The Sound of Silence

The Sounds of SilenceHave you ever thought about The Sound of Silence? Silence by the very definition implies the total lack of sound, so what is the sound of silence? Well, for me it is peace, a chance for me to think and enjoy. Some say it is empty, but I find it full, a place I like to travel to often.

What does this have to do with Mexico? A couple of nights ago, my wife and I both woke up at 3 a.m. because of The Sound of Silence. There was no roosters crowing, no dogs barking, not cars or motorcycles running up and

The Sound of Silence

Who – Me?

down the street, No Borracho (drunk) playing music so loud that people can hear it in Texas which is about 1100 miles from here. And yes, we have one of those living across the street from us. There was none of the about, there was silence that was so loud that it woke up both of us. It was wonderful for all of the about 45 minutes it lasted…..that was the first time I had enjoyed the sound of silence in the past two years.

Unless you live in the country, and by that I also mean without chickens, more that one dog and one cat and no other animals, and not near anyone that does have them, you will never has silence in Mexico. This is a country of Sound. Everything and almost everyone is load.

There are hundreds of buses on the streets and roads of Mexico. Most of them are older

The Sound of Silence

Marcel Marceau – mime

and make a lot of noise as they travel back and forth picking up and letting people off at every corner of the town.  There are cars and trucks that make almost as much noise at the buses. There are people that play their music very load all day and all night because they believe if they like that music, then everyone within a two mile radius will like it also. The borracho that lives across the street from us only plays his music on Friday and Saturday nights and all day Sunday. Of course it is a cross between ZZ Top and Twisted Sister only in Spanish. Not exactly my idea of mood music.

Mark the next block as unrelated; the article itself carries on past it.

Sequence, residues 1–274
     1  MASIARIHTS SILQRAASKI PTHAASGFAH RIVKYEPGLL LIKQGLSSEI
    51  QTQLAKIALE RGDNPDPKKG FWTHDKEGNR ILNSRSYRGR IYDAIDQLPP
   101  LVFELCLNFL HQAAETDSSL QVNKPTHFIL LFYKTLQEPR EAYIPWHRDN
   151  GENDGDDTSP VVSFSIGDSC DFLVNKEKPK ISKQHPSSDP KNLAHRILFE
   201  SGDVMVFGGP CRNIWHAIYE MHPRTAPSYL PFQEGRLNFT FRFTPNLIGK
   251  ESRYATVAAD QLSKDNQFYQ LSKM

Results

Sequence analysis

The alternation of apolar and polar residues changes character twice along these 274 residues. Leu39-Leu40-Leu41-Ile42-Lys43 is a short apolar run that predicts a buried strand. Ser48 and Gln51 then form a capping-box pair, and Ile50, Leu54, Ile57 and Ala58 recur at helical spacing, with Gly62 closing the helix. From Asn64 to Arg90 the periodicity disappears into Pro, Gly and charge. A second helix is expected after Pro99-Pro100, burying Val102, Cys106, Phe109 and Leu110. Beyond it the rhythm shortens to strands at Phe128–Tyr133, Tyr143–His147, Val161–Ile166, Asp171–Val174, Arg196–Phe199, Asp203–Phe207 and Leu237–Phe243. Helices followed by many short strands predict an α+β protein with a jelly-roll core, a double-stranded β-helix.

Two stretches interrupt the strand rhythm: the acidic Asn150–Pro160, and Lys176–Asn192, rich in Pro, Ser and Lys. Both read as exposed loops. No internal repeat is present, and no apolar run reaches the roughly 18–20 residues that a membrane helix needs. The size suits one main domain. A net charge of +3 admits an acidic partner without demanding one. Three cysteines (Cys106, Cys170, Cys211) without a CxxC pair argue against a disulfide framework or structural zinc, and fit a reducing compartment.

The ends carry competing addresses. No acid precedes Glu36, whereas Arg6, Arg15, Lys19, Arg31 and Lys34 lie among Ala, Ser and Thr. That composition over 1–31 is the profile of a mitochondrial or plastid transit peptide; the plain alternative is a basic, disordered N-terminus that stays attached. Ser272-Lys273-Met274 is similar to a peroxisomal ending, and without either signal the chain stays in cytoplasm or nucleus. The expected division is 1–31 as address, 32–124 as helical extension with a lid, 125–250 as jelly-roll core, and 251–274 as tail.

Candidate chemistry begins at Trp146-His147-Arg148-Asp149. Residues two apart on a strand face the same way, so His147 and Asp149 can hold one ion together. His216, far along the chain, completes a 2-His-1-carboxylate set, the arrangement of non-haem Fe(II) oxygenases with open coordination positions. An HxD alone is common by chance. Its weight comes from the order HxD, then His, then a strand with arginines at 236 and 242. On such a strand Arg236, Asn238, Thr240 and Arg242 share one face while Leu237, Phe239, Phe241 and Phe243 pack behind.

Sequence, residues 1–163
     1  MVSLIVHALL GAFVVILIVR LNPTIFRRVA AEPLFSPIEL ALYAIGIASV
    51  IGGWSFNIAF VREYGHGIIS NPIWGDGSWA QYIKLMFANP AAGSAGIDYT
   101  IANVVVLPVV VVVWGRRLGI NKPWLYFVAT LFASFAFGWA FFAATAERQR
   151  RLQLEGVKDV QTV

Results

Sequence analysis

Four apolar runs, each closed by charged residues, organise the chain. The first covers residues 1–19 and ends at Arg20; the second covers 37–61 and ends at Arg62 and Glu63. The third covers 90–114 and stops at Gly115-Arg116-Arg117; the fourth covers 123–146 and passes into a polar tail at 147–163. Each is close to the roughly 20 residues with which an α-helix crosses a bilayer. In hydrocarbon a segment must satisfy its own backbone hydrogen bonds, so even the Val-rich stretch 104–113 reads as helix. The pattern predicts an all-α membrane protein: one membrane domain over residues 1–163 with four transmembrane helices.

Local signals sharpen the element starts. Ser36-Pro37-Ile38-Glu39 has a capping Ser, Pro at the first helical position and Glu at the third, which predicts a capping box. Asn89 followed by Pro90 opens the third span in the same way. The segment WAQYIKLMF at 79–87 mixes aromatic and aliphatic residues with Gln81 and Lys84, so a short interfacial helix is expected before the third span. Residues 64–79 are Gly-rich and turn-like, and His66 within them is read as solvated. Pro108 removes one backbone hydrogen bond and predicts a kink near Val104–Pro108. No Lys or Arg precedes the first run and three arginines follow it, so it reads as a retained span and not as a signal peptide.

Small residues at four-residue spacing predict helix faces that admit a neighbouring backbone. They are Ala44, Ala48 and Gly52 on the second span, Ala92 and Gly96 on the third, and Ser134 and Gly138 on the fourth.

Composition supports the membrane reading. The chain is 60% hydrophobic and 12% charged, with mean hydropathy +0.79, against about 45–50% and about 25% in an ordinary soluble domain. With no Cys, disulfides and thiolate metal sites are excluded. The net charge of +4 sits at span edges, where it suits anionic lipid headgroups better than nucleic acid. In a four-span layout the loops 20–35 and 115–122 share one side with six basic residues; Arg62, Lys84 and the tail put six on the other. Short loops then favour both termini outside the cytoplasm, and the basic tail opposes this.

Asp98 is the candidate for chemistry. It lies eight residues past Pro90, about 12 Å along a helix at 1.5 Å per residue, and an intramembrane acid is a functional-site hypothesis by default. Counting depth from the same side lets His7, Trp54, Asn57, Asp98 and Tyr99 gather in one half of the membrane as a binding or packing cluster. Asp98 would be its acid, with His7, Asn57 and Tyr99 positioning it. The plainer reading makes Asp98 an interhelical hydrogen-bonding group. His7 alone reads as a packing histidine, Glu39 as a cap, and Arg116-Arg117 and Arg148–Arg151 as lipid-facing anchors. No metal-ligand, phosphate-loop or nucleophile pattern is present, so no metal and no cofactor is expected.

Then there is the Catholic Church. They have a festival for a Saint every week. On some weeks it seems more that one Saint has a festival in his/her honor. That is a party that will last for a few days. During that time, they shoot off cannons that are to alert the people that it is party time. Time to spend the few pesos they have on stuff they don’t need while they forget their poverty for a few hours..That is part of their lifestyle. But the cannons, will start at about 5 a.m. to call everyone to mass or a procession that will lead through the streets (shooting off the cannon) and end at the church where they will hear mass. The cannon will continue throughout the day, with extra being shot between about 7 p.m. and midnight to call the people to the festival.

After you have lived here for a year or two you get to where you almost don’t hear it The sound of silenceduring the day by keeping very busy. At night you hear it but will drift off to sleep for a while only to wake up and find it still going at one or two in the morning. And that my friends is why the Sound of Silence is so much appreciated that it will wake you from a ‘sound’ sleep.

I do love silence when I can find it, and yes we do have a lot of cobblestone streets here in Puerto Vallarta.

I first posted this on April 27th. I know that is just a little while ago but some friends were telling how much they can relate to it so I thought I would post it one more time for those of you that might not have been following the blog at that time…..enjoy.

The Chef and his wife



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2 Responses to The Sound of Silence

  1. I had no idea how much that meant. When I was little, I lived near the Southern State Parkway (one of the busiest byways in the area). However, there was a forest that separated us from the road (which was also 20 feet below the level of the forest and our backyard). It was extremely quiet at night, when I was in bed. (I was rarely in the house if that were not the case.) But, should I walk the 80 feet through the forest to the road’s edge- would it be noisy.
    And, when I spent a night at my grandmother’s house, I was amazed. Fire engines. Police cars. Ambulances. Cars honking. Cacophony! Only 21 miles away (of course, on a main street in Brooklyn).
    Roy A. Ackerman, PhD, EA recently posted…From here to thereMy Profile

    • William Chaney says:

      When I lived on Long Island, I often visited friends in the Jamaica section of Queens. I thought that was
      loud, but it wasn’t near the noise level of Mexico. I don’t miss Queens, but I do miss the “Everything” bagels
      that I got right across the street from my friends apt. Just made, still warm….alas, they are as missing as
      is the silence down here in Mexico.

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